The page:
The U.S. Energy Information Administration (EIA) this month lowered expectations for global oil production after OPEC+ and Saudi Arabia announced cuts.
OPEC+ says it will extend reductions to crude oil production through 2024, and Saudi Arabia plans to make an additional voluntary cut of 1 million barrels per day in July, prompting EIA to raise its forecasted crude oil prices for the rest of this year and 2024 in its newly released June Short-Term Energy Outlook.
EIA now expects crude oil to average $79 per barrel in the second half of 2023 and $84 per barrel in 2024—an increase of $1 and $9 per barrel, respectively, from last month’s forecasts, the administration reported. Despite the cuts, EIA anticipates overall growth in global oil production this year and next year, led by increased production from non-OPEC countries.
EIA also expects consumption of liquid fuels such as gasoline and jet fuel to establish new record highs in 2023 and 2024, largely driven by non-OECD countries—especially China.
“We expect to see demand for travel continue to increase, which drives our forecast for record consumption of petroleum products,” Joe DeCarolis, EIA administrator, said in a news release. “The petroleum market remains highly uncertain, so we will continue monitoring developments and tracking supply and demand dynamics.”
EIA expects U.S. crude oil production will set annual record highs in 2023 and 2024, though growth in domestic crude oil production is slowing. Slower production growth may reflect a combination of the use of capital to increase dividends and repurchase shares instead of investments in new production; the effects of tighter labor markets and higher costs; and increased pressure on oilfield supply chains, EIA said.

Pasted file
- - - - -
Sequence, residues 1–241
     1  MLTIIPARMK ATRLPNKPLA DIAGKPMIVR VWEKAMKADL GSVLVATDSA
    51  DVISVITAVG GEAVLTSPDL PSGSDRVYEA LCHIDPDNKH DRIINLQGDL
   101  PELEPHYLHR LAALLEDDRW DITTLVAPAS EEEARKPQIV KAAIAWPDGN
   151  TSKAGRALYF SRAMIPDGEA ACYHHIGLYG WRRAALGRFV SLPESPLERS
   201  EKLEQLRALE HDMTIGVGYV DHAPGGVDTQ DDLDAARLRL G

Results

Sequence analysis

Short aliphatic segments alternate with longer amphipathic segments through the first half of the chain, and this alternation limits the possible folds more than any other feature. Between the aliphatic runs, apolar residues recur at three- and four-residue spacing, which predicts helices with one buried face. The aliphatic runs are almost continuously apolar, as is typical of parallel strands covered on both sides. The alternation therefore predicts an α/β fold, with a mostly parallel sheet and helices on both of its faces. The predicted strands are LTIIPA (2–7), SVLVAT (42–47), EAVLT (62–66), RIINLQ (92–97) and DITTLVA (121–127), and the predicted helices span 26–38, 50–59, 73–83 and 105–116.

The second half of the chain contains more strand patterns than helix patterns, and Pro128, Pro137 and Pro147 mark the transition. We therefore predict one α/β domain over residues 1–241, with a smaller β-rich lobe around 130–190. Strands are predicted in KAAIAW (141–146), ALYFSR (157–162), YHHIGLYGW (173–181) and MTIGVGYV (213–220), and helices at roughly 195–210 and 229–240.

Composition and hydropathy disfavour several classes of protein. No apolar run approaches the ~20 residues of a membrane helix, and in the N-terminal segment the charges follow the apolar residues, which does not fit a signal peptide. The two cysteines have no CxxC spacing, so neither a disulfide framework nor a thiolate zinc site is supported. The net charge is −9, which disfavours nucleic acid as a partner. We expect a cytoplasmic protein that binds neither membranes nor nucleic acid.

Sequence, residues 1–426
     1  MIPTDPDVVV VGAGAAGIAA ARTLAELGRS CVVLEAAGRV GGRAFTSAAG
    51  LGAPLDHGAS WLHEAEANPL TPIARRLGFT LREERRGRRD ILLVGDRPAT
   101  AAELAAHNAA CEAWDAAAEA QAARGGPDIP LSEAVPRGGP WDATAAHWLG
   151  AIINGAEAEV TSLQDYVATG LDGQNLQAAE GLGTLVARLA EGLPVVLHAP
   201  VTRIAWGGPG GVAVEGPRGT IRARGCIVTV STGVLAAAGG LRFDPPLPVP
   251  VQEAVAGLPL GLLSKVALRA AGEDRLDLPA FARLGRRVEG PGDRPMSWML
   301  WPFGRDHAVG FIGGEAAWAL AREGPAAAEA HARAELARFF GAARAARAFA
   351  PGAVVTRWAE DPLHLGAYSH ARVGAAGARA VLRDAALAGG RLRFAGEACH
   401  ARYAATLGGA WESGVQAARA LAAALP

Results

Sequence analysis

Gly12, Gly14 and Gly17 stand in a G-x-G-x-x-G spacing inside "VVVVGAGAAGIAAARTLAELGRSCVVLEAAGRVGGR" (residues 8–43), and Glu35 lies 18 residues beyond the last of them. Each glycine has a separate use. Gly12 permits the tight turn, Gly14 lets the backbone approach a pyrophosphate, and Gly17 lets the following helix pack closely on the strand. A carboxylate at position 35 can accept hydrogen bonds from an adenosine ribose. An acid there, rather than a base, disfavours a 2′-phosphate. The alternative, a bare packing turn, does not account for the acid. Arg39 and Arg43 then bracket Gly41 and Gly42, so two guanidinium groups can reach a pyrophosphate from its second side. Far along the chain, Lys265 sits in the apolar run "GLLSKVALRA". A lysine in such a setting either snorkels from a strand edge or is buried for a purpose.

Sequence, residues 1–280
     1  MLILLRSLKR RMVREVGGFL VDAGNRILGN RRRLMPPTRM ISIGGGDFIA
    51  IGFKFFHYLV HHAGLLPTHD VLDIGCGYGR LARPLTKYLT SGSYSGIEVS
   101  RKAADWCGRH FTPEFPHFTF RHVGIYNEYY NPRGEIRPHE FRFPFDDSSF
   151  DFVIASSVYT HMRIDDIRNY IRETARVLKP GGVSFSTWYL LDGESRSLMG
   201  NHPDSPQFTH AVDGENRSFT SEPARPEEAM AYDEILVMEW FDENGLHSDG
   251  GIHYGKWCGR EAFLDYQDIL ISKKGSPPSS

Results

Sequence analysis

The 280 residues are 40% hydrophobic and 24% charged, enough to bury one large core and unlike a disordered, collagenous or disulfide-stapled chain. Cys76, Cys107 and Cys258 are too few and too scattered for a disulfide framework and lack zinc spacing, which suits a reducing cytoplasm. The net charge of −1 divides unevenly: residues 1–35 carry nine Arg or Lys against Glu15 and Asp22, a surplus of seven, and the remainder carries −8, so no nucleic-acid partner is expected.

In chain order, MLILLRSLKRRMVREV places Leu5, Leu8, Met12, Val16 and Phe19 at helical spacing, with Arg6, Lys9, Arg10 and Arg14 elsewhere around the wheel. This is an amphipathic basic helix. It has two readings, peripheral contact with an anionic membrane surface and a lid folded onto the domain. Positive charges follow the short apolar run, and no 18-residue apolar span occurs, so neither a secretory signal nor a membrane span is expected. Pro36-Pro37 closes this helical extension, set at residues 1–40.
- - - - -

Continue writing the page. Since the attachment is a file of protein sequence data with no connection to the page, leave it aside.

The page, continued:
Other highlights from the June STEO include:
- EIA estimates that U.S. dry natural gas production reached a record average of 104 billion cubic feet per day in April and expects natural gas production to remain just below that level the rest of the year. Natural gas prices at the benchmark Henry Hub are about 70% lower than their peak last year, which is decreasing new gas-only drilling. But associated natural gas production will increase in the Permian Basin in the short term, offsetting decreases in other regions. “Drilling in the Permian Basin typically produces a blend of hydrocarbons that includes crude oil and natural gas,” DeCarolis said. “So as producers increase their crude oil production in the region, we expect natural gas production to increase as well.”
- EIA expects a 24% increase in electricity produced by solar power this summer compared with last summer. The increase is largely driven by an increase in solar capacity—solar has been the leading source of new electricity generating capacity so far this year.